Norway’s Sval Energi, UK-based Neptune Energy and carbon management outfit Storegga have applied for a licence to store carbon dioxide at the Trudvang site in the Norwegian North Sea with a start date targeted for 2029.

The Trudvang storage reservoir license is located at a depth of about 850 metres in the Utsira formation, east of the Sleipner field and about 165 kilometres from the Norwegian coast. It has the potential to store up to 225 million tonnes of CO2 over the next 20 to 30 years, according to statements by Neptune and Sval.

The application comes after the Norwegian Ministry of Petroleum & Energy opened new areas of the North Sea for applications related to the injection and storage of CO2.

Neptune Energy’s global head of subsurface new energy, Paal Haremo said the partners had “progressed the storage application in record time”.

He stated: “The North Sea has great potential as a hub for carbon storage given the availability and proximity of existing infrastructure, depleted reservoirs and saline aquifers.”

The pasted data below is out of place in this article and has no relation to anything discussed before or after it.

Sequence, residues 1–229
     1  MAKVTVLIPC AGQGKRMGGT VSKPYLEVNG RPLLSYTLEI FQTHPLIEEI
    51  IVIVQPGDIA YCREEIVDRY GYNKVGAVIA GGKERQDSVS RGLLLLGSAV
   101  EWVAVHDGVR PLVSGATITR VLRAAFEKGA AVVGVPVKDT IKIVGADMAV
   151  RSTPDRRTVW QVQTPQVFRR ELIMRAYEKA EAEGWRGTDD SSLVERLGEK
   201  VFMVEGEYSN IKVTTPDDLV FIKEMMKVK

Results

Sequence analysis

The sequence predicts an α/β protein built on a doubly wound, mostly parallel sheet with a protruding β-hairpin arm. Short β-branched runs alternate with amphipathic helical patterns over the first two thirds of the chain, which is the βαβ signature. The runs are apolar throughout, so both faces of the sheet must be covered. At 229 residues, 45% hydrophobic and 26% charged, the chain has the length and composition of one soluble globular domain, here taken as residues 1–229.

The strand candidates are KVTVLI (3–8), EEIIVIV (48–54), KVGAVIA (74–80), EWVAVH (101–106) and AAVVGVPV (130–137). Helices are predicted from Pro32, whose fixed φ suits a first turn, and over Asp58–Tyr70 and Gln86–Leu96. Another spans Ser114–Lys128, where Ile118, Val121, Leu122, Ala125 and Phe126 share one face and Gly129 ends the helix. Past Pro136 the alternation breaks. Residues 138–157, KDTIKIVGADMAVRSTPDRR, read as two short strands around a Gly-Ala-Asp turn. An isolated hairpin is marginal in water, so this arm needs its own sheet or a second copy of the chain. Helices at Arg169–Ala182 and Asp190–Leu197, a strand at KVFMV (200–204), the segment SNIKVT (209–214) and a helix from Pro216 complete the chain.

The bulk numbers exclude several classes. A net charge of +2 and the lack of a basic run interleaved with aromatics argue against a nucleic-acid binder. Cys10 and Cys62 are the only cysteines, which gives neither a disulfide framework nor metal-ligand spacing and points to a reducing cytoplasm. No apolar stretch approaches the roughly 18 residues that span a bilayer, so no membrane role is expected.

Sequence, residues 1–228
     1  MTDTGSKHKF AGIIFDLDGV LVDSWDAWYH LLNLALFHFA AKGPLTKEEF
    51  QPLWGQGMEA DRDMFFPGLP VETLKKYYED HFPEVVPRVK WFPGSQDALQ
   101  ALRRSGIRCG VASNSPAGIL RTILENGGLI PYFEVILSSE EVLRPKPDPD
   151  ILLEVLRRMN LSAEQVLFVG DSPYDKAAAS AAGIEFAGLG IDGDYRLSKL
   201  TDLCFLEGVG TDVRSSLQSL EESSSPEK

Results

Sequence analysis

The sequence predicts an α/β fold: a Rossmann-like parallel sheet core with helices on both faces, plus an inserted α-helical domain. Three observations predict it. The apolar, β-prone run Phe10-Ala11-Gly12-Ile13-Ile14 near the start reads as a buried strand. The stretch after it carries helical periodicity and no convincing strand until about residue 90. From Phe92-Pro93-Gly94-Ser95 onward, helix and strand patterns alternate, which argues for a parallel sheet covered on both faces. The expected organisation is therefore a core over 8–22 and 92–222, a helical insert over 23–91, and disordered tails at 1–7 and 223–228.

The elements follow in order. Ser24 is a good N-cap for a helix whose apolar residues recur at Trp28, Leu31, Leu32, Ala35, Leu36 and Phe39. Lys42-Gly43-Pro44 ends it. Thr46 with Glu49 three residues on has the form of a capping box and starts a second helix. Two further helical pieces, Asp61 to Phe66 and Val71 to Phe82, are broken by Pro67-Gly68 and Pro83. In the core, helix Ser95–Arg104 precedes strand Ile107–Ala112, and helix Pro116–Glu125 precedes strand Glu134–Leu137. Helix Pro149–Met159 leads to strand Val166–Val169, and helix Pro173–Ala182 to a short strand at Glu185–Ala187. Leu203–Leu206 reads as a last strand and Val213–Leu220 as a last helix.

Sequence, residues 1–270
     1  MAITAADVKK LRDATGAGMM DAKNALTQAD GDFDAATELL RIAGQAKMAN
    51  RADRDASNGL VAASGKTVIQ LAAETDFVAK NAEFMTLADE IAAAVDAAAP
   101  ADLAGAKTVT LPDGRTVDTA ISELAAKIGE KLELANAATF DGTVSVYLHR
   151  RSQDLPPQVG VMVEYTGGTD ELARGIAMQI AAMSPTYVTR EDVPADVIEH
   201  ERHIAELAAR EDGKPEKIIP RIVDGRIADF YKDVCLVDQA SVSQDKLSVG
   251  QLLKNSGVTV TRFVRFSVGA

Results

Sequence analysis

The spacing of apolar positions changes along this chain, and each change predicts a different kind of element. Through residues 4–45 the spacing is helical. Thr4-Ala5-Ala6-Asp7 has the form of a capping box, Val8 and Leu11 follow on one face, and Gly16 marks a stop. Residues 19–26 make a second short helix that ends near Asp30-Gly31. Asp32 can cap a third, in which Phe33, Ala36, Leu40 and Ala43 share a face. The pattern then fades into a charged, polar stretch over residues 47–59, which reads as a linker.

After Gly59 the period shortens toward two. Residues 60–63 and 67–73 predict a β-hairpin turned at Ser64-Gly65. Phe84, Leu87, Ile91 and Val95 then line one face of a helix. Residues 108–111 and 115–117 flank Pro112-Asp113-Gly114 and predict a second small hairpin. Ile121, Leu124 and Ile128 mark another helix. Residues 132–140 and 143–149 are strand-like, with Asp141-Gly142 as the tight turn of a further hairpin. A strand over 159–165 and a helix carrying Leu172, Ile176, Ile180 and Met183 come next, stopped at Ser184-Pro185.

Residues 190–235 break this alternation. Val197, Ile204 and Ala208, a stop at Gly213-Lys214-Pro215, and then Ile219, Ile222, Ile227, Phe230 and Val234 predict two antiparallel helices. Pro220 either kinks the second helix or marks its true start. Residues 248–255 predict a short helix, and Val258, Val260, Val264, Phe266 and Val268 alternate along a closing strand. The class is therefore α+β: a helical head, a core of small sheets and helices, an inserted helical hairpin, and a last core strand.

Neptune is also working on potential projects in the Netherlands and UK and, according to Haremo, the comany aims to build a portfolio for carbon storage linked to our core areas in the North Sea.

“Trudvang could be a key contributor to Neptune’s 2030 goal of storing more carbon than is emitted from our operations and from use of the oil and gas products we sell,” he said

The Trudvang storage reservoir is to capture and store CO2 emitted by multiple industrial players in Northern Europe and the UK.

Under the Trudvang licence, the trio have pledged to ship liquid CO2 from export terminals to an onshore receiving terminal in the south-west of Norway, then transport via a pipeline to the Trudvang location for injection and permanent storage.

Sval has a 40% stake in the planned project, and Storegga and Neptune each hold a 30% interest.

“In Europe, approximately 300 million tonnes of hard-to-abate CO2 is emitted each year. The Trudvang project has the potential to reduce these emissions on a large scale,” said senior vice president for sustainability and HSEQ at Sval Energi Truls Olsen-Skare.

Nick Cooper, chief executive of UK-based decarbonisation development business Storegga, added that the latest round of CO2 storage applications would help Norway build on its “pioneering progress with the world’s first industrial-scale, multi-user CCS project”.

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